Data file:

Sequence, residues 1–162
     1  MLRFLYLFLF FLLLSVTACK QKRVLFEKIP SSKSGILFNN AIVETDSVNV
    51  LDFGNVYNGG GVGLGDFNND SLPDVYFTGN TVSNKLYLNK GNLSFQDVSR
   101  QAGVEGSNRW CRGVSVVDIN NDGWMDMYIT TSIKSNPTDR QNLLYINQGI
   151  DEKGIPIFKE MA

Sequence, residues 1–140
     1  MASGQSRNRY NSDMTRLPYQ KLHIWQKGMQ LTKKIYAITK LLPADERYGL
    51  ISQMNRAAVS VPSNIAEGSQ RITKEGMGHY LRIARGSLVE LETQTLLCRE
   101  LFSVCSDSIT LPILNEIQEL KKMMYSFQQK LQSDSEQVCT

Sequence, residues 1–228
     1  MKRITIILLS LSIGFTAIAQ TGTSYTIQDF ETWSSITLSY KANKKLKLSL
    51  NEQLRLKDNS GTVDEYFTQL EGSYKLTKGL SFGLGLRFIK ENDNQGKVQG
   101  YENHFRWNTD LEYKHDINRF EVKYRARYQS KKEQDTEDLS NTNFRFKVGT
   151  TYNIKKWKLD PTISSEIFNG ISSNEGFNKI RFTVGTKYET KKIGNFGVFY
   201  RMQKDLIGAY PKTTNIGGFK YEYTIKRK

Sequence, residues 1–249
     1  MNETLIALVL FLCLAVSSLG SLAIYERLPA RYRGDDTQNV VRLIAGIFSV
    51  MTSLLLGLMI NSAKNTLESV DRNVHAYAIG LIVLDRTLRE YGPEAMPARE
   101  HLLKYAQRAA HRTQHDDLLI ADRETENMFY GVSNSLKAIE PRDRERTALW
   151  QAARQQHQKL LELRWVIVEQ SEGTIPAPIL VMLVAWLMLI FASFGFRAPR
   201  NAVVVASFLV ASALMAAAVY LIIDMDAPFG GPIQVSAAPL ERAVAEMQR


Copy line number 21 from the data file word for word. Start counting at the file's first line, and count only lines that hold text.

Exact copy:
   201  NAVVVASFLV ASALMAAAVY LIIDMDAPFG GPIQVSAAPL ERAVAEMQR